Prime Harvesting bond levels: the problem with averages

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Just like harvesting stocks…

The last time I wrote about Prime Harvesting (from Michael McClung’s book Living Off Your Money: The Modern Mechanics of Investing During Retirement With Stocks and Bonds) I ended up by noting that Prime Harvesting doesn’t really care how many bonds you own. That’s in stark contrast to much (though not all) other retirement advice.It is one thing to say, after reading a book, “Yep, Prime Harvesting looks great!” But will you still think that if you’re 82-years old and are 100% stocks? Even if some people tell you not to worry about being 100% stocks?

McClung provides the following table, which for a given (starting) stock percentage shows how Prime Harvesting fared.

Portion of Figure 26 from the book Living Off Your Money

Let’s start by looking at Bond Average. For a 60% stock portfolio, the Bond Average is 48.90%. That sounds alright, doesn’t it? But averages can also be a bit deceiving. Let’s try to dig into a bit more detail…

My simulations differ from those in the book:

  • McClung uses SBBI data for stock and bond returns. That is not public information. SBBI publishes a book every year. The latest edition is usually over $100. But hobbyists can buy a slightly older edition much cheaper. There aren’t any copies of it in Vietnam. So I make do with data from Simba’s backtesting spreadsheet which in turn is largely based on Schiller’s data.
  • McClung uses a slightly diversified equity portfolio: 70% total market, 10% small company stocks, 10% large value stocks, 10% small value stocks.

Taken together this means that my results won’t match McClung’s numbers exactly. But (if I’m not making any mistakes) they should generally be the same ballpark. In any case, the Prime Harvesting strategy (if it works) shouldn’t be overly sensitive to exact portfolio construction or the returns used.

With a 60/40 portfolio I find that the Bond Average is 43.3 (48.9); Lowest-Bond Average is 19.7 (23.7); Highest-Bond Average is 62.4 (70.4); the Success Rate is 99.3 (100); Average Remaining is $2.7 million ($5.5 million).

(McClung’s numbers are in parentheses.)

Everything is pretty close with two exceptions:

  • In my simulations, 1966 was a portfolio failure, while it succeeded for McClung. This is conceivably down to portfolio construction and different data sets (Schiller vs. SBBI). Even if it succeeded in McClung’s simulation, I assume it didn’t succeed by very much.
  • The Average Remaining is wildly different. I have no idea why. From the book it isn’t 100% clear whether this is inflation-adjusted or nominal. I used nominal; if I used inflation-adjusted the numbers would be even further off. Does portfolio construction and different data sets lead to such dramatically different Average Remaining? I’m not sure.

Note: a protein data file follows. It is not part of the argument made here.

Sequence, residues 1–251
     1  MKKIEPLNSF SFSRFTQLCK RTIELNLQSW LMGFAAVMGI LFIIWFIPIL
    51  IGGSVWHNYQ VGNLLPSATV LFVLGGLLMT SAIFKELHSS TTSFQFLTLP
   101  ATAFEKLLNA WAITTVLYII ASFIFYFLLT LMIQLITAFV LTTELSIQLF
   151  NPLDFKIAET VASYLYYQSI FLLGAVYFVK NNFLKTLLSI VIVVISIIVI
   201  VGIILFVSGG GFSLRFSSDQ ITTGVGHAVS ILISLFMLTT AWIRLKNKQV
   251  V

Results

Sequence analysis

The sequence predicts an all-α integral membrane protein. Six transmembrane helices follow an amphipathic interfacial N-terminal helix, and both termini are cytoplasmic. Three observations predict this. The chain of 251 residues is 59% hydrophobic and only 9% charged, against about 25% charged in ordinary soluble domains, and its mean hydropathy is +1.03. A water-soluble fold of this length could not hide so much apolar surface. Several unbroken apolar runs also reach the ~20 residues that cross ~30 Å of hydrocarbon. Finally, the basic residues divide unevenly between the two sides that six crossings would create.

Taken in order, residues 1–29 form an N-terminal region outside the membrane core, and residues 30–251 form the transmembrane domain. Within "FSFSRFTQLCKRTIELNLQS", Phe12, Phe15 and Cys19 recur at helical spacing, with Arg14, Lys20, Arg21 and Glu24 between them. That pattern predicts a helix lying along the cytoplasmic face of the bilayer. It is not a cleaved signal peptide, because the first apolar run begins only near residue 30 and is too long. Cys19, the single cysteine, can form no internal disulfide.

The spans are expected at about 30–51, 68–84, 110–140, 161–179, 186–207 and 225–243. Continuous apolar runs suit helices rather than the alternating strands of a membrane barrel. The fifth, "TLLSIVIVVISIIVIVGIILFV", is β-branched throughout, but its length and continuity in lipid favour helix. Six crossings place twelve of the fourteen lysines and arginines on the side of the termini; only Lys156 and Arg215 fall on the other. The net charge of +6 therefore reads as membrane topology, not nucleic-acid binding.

So overall I’m reasonably confident that my results are close enough to use for a deeper dive. (Though not 100% confident due to those Average Remaining numbers.)

Let’s look at the bond averages again real quick:

  • Average: 43.3%
  • Lowest average: 19.7%
  • Highest average: 62%

Looking at that, it is easy to think. “Okay, so my bond percentage will drop to around 20% for a bit, will go up to around 60% for a bit, but will mostly be around 40%. That sounds acceptable, sign me up!”

The problem is that averages can obscure some information. Let’s take a look at a 1940-retiree and their bond percentage under Prime Harvesting:

This retiree has a Bond Average of 40.3%, which sounds perfectly reasonable. But the average is a result of 15 years under 40% and 15 years over 40%, including nearly a decade under 30%, and a single year around 5%. That means when you are 75-years old your portfolio is 95% equities, 5% bonds (albeit temporarily).

To take an even more extreme example, a 1920-retiree has a Bond Average of 26.4%. That’s already a bit below the overall average of 43.3%. Let’s look at the year-by-year portfolio composition:

Chart 2

That’s 7 years with 100% equities (approximately age 75 to 82). The very high bond ratios in the last decade of skew the average upward.

Looking at the results, in 44 out of 144 retirements, the bond percentage will go to 0% at some point. So 30% of retirees will have a 100% stock portfolio for at least some of their retirement. It might only be for a single year, like the 1974-retiree who saw markets finally turn around just as she ran out of bonds.

Chart 4

But if you had retired just one year earlier, in 1973, you were at 0% bonds for more than one year.

Chart 5

That’s because you ran out of bonds and started eating into your equities. And once you do that, it becomes progressively more difficult to ever reach the 120% harvesting point.

For some retirees, they can never make it back.

Chart 6

So…what do I make of all that? Honestly, it leaves me a bit more hesitant about Prime Harvesting. Living with 0% bonds in retirement just sounds…I’m not sure how realistic that is for most retirees, no matter what the data says.

And when you look back at McClung’s chart comparing Prime Harvesting to traditional Rebalancing…

Figure 26 from the book Living Off Your Money

I can see a lot of people deciding that the extra return (in some cases over 2% but in others under 0.5%) from Prime Harvesting isn’t worth the heartache of extra portfolio volatility from low bond percentages.

Would I use Prime Harvesting? I’m much more on the fence than I was before. But I still like the general idea (of “harvesting” stock gains and spending from bonds first to shelter stock growth) so I’ll continue thinking about it…..

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Learn how to enjoy early retirement in Vietnam. With charts and graphs.

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